A Culture Of Readiness And Responsibility
“Action springs not from thought, but from a readiness for responsibility.”
-Dietrich Bonhoeffer,German theologian
In the preceding SM4 newsletter we stepped away from the written plan and examined the elements that make any response successful – people – and their ability to manage change. In this article we will study an internal trait that seems to be inherently reserved for the most successful of organizations: A corporate culture of readiness and responsibility.
History is our most persuasive and credible teacher, and she is still holding class.
2010 will be remembered as a year when emergency response preparedness and planning was thrust dramatically into public view as everyone seems to have an opinion about how appropriately or inappropriately a major oil company responded to a catastrophe. Discussions and theoretical debates about how our operational technology has vastly exceeded our ability to respond to failures are occurring across the country. At no other time in recent memory have the issues of emergency preparedness and corporate responsibility been so prominent.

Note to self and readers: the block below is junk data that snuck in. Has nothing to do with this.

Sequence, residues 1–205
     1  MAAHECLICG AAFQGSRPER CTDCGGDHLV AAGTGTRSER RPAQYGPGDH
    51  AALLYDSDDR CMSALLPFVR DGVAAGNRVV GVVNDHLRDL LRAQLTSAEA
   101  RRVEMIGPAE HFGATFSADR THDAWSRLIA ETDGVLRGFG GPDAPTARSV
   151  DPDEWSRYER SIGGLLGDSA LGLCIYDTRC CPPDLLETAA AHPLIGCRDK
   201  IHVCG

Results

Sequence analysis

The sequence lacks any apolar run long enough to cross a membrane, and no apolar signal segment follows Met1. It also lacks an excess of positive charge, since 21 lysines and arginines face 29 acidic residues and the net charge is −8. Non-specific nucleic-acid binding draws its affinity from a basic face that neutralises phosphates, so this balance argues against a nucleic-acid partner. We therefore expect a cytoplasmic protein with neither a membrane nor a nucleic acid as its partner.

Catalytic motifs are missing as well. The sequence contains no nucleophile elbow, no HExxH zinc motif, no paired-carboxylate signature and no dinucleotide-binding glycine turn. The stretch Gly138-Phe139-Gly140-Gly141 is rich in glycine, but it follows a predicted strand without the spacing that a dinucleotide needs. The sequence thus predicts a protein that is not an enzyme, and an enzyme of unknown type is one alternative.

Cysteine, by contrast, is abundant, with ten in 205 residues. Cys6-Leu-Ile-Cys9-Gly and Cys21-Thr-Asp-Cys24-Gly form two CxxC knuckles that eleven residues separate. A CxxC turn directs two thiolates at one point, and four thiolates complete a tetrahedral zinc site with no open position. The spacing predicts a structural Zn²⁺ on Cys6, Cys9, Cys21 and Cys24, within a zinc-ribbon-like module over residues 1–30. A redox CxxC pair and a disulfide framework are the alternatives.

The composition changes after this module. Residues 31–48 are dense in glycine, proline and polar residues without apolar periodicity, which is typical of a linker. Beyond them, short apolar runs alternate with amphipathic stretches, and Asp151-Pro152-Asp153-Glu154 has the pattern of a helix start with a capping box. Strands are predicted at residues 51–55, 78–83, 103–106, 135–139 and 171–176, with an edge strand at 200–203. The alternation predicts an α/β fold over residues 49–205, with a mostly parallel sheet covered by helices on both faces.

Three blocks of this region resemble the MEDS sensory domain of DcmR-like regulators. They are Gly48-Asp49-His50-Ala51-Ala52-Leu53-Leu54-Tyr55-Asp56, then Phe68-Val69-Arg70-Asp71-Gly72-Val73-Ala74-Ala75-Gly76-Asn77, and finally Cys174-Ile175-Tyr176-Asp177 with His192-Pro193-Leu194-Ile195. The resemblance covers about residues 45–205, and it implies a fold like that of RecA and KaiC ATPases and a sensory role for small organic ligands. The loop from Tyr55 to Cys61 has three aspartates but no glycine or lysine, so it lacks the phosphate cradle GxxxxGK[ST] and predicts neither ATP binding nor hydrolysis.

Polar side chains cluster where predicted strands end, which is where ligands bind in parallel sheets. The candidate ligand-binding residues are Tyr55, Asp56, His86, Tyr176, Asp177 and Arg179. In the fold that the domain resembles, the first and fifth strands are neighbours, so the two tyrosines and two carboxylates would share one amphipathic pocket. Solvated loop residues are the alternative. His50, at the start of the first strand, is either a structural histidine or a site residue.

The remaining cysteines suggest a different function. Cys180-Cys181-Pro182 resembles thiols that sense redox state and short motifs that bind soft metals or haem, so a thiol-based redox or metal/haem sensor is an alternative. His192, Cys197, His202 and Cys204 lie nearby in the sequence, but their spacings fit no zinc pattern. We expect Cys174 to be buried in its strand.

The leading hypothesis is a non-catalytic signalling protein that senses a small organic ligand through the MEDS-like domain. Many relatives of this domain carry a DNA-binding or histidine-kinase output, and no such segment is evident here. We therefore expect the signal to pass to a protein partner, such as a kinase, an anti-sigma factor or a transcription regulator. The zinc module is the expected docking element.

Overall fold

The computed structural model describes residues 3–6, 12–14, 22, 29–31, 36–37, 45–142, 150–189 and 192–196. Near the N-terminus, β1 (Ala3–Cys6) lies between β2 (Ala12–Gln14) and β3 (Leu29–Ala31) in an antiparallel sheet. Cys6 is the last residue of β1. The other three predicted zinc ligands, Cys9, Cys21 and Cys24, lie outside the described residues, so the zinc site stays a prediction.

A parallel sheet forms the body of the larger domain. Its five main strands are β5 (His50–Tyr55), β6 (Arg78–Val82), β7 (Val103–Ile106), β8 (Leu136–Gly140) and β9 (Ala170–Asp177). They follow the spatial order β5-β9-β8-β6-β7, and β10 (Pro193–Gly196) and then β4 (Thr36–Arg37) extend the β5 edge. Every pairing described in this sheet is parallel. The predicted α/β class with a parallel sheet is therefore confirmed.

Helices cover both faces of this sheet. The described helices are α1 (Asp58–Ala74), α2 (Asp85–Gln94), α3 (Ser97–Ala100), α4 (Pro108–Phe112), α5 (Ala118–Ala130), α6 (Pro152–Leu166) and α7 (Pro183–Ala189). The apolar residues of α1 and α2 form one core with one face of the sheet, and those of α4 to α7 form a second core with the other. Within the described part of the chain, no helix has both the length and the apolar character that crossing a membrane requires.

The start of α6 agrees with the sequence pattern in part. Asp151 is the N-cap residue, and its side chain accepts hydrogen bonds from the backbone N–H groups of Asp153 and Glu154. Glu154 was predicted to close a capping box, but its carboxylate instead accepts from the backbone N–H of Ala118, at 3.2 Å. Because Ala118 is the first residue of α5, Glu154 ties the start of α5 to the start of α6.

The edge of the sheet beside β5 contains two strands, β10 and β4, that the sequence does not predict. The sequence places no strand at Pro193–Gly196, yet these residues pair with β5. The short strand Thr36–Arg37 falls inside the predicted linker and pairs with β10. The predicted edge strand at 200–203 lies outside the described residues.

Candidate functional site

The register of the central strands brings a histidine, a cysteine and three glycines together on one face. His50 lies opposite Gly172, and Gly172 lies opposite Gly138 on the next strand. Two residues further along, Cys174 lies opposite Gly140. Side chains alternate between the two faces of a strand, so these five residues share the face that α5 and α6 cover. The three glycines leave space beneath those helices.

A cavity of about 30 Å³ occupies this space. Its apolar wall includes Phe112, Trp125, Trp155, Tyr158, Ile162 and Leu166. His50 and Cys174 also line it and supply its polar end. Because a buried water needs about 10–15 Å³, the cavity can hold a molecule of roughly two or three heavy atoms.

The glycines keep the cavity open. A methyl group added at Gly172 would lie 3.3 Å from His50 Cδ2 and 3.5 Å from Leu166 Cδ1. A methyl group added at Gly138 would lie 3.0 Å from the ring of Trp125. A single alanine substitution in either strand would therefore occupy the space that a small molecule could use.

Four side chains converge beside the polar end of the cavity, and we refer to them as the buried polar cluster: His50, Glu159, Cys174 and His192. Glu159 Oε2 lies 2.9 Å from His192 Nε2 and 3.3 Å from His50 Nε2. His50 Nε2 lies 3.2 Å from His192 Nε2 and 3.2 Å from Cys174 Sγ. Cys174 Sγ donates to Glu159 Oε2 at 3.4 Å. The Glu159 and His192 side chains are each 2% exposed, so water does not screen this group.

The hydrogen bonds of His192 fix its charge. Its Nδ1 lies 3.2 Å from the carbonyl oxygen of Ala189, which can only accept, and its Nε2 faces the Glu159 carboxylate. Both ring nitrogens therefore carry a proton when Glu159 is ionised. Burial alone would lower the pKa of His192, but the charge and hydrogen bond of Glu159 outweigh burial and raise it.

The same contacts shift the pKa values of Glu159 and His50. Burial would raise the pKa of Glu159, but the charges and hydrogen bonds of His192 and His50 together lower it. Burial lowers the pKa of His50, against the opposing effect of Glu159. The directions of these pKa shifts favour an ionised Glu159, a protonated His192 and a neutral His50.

An argument can be made that in any inherently risky operation, the best one can do is minimize (and eliminate where possible) the risks associated with that operation. You need only plan a response for the risks you can reasonably foresee and cannot control. An equal argument could assert that across the scope of operations and within the locus of control, we must have a solid grasp of all of the possibilities. To assert that “you never saw it coming” is an increasingly indefensible argument.